give some indication of how hazardous a flammable vapour or gas is – a wide flammable range indicates a greater chance of an ignitable mixture being formed. A few substances have a UEL of 100% by volume, indicating that they might decompose explosively without the presence of oxygen.
The equipment group refers to the use of electrical equipment in areas where flammable atmospheres might be present and where it is important that the equipment does not become a source of ignition. Standards exist (e.g. the AS/NZS 60079 “Explosive atmospheres” series) setting out the requirements for the design, construction, installation and use of such equipment. Independent bodies, such as ANZEx and IECEx, exist to issue certificates of compliance to these Standards. Referred to as “Ex” certificates, they require equipment to be marked with symbols indicating what level of explosion protection is provided and in which potentially hazardous areas they can be used safely. e.g. If a flammable gas or vapour has an Equipment Group rating of IIA, then devices used to monitor these substance should have a IIA or better (e.g. IIB or IIC) certification and marking.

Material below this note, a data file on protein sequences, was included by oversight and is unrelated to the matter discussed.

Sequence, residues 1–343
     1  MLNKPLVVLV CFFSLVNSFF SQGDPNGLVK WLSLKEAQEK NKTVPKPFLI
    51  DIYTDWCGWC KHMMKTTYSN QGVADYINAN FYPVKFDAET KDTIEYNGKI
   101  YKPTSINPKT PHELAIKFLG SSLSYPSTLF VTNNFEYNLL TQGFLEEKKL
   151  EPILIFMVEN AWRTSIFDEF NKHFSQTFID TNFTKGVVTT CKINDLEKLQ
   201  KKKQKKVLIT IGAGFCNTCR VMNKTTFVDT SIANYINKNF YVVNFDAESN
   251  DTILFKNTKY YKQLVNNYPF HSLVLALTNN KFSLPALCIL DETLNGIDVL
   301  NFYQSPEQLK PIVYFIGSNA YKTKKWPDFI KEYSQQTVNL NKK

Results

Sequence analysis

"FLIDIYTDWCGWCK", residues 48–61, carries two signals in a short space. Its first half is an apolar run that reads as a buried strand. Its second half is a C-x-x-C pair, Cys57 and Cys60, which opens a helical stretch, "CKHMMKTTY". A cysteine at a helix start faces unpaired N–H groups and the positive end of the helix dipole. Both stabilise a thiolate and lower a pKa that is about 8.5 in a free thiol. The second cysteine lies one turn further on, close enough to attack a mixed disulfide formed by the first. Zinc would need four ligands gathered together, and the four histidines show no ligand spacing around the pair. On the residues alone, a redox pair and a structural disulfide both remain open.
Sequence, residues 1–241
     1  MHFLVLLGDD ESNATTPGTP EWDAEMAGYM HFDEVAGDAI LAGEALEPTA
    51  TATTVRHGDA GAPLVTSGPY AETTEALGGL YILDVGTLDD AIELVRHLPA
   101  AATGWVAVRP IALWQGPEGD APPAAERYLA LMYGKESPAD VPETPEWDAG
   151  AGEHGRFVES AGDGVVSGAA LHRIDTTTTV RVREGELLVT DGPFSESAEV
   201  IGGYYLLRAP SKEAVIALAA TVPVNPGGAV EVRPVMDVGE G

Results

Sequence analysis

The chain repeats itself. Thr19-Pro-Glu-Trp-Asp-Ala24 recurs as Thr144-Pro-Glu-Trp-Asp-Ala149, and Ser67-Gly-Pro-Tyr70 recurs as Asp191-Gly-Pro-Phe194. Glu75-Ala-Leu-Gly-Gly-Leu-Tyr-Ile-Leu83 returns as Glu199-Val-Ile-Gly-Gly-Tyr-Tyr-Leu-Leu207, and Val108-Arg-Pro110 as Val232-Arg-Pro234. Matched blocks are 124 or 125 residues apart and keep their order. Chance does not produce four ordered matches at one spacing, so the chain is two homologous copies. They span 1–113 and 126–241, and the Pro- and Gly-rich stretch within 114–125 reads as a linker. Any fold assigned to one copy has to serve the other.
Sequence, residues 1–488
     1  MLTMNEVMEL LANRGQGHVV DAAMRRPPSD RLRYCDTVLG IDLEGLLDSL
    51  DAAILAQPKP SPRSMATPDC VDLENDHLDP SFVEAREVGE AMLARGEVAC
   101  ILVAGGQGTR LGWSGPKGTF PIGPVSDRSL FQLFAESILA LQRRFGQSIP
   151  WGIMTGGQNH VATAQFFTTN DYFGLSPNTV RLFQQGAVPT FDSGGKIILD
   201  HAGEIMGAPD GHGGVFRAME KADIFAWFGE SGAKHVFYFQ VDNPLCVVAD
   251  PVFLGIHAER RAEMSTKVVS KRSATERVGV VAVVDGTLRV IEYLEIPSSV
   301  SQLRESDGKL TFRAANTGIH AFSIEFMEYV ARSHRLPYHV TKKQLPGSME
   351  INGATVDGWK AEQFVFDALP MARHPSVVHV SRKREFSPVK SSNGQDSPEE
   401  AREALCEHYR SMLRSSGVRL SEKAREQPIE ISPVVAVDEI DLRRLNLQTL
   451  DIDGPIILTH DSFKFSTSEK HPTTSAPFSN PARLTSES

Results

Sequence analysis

The same as for Equipment Group applies to Temperature Classification. For example, for a gas or vapour having a T4 Temperature Classification, equipment should be certified and marked T4 or higher (e.g. T5 or T6).
This section sets out briefly the type of chemical, whether it is a gas or liquid at room temperature,whether it has a detectable odour and whether it is flammable.